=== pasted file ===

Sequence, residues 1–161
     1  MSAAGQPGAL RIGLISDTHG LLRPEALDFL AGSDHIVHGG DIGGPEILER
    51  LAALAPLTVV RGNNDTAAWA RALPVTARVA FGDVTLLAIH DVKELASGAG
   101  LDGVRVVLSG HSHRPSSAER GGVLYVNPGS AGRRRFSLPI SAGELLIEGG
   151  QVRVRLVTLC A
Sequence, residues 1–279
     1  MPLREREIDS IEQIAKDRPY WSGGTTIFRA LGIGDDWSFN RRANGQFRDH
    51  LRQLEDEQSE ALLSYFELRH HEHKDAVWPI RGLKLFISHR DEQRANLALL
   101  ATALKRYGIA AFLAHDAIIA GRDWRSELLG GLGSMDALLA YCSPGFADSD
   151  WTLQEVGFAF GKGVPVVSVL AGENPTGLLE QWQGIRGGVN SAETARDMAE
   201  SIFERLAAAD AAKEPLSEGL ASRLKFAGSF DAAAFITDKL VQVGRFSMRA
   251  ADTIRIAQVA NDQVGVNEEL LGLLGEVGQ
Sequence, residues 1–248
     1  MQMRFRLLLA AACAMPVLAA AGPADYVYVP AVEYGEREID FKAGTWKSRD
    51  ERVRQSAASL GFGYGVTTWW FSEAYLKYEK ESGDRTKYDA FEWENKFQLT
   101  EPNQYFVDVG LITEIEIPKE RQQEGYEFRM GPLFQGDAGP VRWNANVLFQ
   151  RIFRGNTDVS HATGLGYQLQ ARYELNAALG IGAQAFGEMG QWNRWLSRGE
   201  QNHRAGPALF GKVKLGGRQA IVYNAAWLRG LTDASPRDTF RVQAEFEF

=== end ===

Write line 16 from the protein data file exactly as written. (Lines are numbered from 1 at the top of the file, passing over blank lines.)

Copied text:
   101  EPNQYFVDVG LITEIEIPKE RQQEGYEFRM GPLFQGDAGP VRWNANVLFQ